New York's Legendary City Winery Closes its Doors—But Not for Long

Prince on stage in 2013. Dana Yavin

Michael Dorf built the City Winery in New York City, or at least he seemed to, for people like me: older fans who still love music as much as when we were 19, but who aren't keen on standing for two hours clutching onto a warm beer.

So, it wasn't the greatest of news for many of us when Dorf recently decided to close his iconic Varick Street location in lower Manhattan.

But don't shed any tears for the 57-year-old entrepreneur—or the club's fans. Since 2008 he has managed to build a $100 million business and open clubs in multiple locations nationwide—all centered around a blend of food, wine and pop music.

And, the good news: The New York club will reopen at Pier 57 at Hudson River Park early next year. "It's just a space," Dorf said without a hint of nostalgia at the club's closing night on July 31. "Our job is to create a vibe."

Dorf doesn't ever get too misty-eyed because he is a guy who is in a constant state of reinvention. The Milwaukee-born Dorf got into the music business in 1987 when he opened a club in New York, the Knitting Factory, which featured everything from music to comedy to poetry readings. He eventually left in the early 2000s and opened the first City Winery—yes, replete with a wine making operation—in 2008. The idea was to create a good listening experience with equally good food and wine.

"I knew I wanted to do a wine-based venue," Dorf explained. "In fact, in 2003—when I left (the Knitting Factory) and contemplated doing a performing arts center concept for the World Trade Center—my proposal was a 'Downtown Carnegie Hall with a great wine list'. I knew that wine needed to be integrated. I made a barrel of wine in 2004 and then the light bulbs went off."

City Winery founder Michael Dorf. Courtesy of City Winery

The music?

It is pretty much an eclectic collection of artists, many of whom count baby boomers and Gen Xers as fans. For example: singer-songwriters like Joan Osborne, John Hyatt, Steve Earle, Graham Parker and Richard Thompson. But there are also a lot of curve balls thrown in. Prince has played (more later) and even off-the-beaten-path acts like the Mekons, an old punk/alternative country band from England, make appearances.

The performers, it seems, like the-sit-and-watch space as much as the audience. Osborne, who both closed and opened the club in 2008, described the City Winery audience as "a real listening crowd, a real adventurous crowd," and the venue as a place where you could try out new material as well as sing the hits.

But all along, Dorf had his eyes set beyond Varick Street. He opened in Chicago in 2012 and later in Napa Valley, California. Other locations now include Nashville, Boston, Atlanta and Washington D.C. Philadelphia, as well as the Hudson Valley in New York will soon have their own clubs.

According to Dorf, the business has been strong—and the concept has worked in most markets. The chain, he said, is profitable. Weddings and corporate outings are a big deal, profit-wise.
There have been some missteps. The Napa Valley location was closed four years ago. It turns out, customers, after drinking wine all day during vineyard tours, weren't keen on drinking more at night. The closing of Varick Street has been a touchy subject too, largely because Dorf spent millions in renovations before his landlord, he said, abruptly sold the property to Disney.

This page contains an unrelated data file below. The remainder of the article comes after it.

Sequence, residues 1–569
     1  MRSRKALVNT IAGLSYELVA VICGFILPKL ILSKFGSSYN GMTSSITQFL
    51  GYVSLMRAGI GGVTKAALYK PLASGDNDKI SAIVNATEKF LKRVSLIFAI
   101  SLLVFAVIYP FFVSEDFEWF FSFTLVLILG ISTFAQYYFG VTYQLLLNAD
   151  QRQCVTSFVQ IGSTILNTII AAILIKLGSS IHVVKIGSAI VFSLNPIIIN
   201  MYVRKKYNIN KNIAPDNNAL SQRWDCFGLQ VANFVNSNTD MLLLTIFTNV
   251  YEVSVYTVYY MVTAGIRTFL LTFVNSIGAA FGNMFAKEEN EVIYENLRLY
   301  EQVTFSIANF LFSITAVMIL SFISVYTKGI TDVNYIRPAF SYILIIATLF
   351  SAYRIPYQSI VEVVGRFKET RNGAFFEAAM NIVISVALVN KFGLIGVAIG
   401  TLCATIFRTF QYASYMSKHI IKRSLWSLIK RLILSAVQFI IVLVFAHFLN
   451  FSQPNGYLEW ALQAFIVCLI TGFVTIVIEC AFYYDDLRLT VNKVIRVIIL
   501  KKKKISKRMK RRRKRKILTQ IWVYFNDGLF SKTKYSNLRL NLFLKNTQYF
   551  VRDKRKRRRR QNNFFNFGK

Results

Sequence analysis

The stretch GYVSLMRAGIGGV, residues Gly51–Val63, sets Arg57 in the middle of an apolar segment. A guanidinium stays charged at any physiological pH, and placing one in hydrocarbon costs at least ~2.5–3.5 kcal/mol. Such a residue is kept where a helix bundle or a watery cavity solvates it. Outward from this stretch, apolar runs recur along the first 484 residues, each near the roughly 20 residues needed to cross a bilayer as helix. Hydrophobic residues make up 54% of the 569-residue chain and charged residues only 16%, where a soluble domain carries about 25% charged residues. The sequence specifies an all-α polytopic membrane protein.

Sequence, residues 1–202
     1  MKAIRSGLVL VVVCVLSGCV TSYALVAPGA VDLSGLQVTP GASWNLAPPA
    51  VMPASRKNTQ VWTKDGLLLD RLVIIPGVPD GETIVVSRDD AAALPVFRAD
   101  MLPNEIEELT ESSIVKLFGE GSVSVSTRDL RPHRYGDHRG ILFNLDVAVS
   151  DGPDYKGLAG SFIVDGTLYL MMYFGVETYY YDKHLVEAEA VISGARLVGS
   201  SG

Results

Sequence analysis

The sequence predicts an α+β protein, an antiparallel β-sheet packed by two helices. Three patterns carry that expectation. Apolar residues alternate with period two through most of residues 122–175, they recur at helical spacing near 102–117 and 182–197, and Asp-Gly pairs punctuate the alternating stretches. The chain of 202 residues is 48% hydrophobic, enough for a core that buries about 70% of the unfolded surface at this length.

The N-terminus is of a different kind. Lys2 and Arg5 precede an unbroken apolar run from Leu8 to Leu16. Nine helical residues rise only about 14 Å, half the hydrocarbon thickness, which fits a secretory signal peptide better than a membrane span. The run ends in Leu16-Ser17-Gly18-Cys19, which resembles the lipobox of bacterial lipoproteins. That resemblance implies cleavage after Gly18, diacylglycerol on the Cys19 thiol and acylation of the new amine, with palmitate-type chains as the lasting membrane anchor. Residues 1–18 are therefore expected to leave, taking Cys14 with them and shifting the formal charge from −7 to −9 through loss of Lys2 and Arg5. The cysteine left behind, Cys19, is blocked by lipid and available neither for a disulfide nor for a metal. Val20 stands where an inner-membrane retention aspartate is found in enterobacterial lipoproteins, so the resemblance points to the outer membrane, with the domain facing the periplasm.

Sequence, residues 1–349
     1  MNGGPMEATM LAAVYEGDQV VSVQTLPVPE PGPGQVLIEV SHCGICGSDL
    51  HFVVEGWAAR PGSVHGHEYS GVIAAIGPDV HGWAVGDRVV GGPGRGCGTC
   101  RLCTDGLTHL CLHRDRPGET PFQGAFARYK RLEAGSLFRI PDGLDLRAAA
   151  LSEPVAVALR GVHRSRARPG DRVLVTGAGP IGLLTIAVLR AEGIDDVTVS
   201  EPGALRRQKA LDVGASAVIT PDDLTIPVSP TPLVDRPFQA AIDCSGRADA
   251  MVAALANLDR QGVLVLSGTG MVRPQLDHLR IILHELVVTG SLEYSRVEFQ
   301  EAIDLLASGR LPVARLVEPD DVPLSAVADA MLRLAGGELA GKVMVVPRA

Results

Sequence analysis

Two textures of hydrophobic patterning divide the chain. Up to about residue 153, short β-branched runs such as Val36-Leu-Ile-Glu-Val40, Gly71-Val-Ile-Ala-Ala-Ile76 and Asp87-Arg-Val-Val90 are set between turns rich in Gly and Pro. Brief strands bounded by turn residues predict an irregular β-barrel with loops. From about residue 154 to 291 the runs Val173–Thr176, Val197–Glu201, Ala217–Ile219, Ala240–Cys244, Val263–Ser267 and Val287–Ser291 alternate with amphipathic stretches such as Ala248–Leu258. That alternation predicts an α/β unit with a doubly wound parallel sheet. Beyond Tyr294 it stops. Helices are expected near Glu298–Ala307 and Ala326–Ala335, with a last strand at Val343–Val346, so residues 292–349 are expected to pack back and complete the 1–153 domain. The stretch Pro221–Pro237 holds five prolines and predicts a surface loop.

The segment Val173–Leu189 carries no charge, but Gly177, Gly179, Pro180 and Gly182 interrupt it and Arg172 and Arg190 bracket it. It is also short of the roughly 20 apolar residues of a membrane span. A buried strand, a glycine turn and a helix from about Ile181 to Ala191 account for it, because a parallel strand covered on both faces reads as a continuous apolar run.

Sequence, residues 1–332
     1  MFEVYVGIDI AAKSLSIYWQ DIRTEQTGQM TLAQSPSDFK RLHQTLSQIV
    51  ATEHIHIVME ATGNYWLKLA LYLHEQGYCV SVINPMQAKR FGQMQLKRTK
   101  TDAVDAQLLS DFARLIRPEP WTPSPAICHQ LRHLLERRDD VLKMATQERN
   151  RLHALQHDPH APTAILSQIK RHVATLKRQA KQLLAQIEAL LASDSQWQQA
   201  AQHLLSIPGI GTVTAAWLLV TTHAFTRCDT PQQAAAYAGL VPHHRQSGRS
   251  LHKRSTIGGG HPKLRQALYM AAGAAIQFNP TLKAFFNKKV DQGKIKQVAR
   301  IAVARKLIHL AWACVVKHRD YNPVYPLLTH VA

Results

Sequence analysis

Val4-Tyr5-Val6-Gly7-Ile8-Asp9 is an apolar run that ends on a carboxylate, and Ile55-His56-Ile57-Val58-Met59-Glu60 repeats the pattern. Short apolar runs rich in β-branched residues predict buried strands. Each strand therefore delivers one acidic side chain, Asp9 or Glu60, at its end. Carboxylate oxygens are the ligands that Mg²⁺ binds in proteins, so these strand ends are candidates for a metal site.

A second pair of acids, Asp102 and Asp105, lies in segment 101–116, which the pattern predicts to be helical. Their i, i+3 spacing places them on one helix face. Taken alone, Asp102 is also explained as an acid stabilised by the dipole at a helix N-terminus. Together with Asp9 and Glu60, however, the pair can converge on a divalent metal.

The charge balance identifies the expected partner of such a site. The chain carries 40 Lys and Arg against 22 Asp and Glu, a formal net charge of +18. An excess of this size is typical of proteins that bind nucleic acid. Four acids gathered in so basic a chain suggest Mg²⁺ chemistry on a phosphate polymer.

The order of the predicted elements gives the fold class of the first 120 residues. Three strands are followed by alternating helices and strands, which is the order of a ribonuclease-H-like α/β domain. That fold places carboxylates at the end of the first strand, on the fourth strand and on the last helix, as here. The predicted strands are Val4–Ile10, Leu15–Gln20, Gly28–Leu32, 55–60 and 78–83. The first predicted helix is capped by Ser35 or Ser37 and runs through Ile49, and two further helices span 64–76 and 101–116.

Meanwhile, great memories are left behind—perhaps none greater than Prince. Six years ago, Dorf booked his band, New Power Generation, for four nights. Fans scooped up the tickets hoping that Prince would show up.

That's what Dorf had in mind, anyway. But there was a little problem.

In a meeting, a Prince representative asked Dorf if he'd like Prince to appear with his band at some point during the residency. "Are you kidding?" Dorf recalled saying. "I've been trying to book the for years!"

A few days later, shortly before New Power Generation was set to appear, he got a cell call from a Minneapolis number. Yup, it was a Prince assistant. She asked if Dorf, as she had heard, swore when he referred to Prince. Dorf said yes. But it was only a figure of speech. He was being enthusiastic!

Not a good move. The women said Prince was upset because he didn't swear anymore—and indicated he might pull his band from the gig. Dorf was in a panic. He had sold almost 2,000 tickets, not to mention the prospect of losing all that revenue from food and beverage sales. She said she would get back to him. When she called back she told Dorf this: Write on a piece of paper 100 times, "I'm sorry, your name is Prince." Then take a picture and send it. Prince would only then think about letting his band play.

The story had a happy ending. Prince forgave him and eventually showed up for two nights of what Dorf called "the greatest shows I've ever seen."

The great Joan Osborne performing at the "Farewell to Varick Street" show on the final night of City Winery Varick Street. Al Pereira/WireImage/Getty

The future?

Dorf is planning on opening a club a year, including 150-seat venues in smaller markets. Among other things, he and writer Paul Keegan also have a book coming out in October called Indulge Your Senses: Scaling: Scaling Intimacy in a Digital World. He's busy.

Meanwhile, Dorf is contemplating bringing new artists and their fans into the fold as the core boomer audience ages. He figures, eventually, the millennials will be looking for a different kind of concert experience. In other words: a good show, a good seat and a nice glass of wine.
"In 10 years," he said, "both (the younger acts) and their audiences will love our place."

Correction (8/27 1:35 p.m.): Michael Dorf opened the Knitting Factory in 1987, not 1986. This has been updated and Newsweek regrets the error.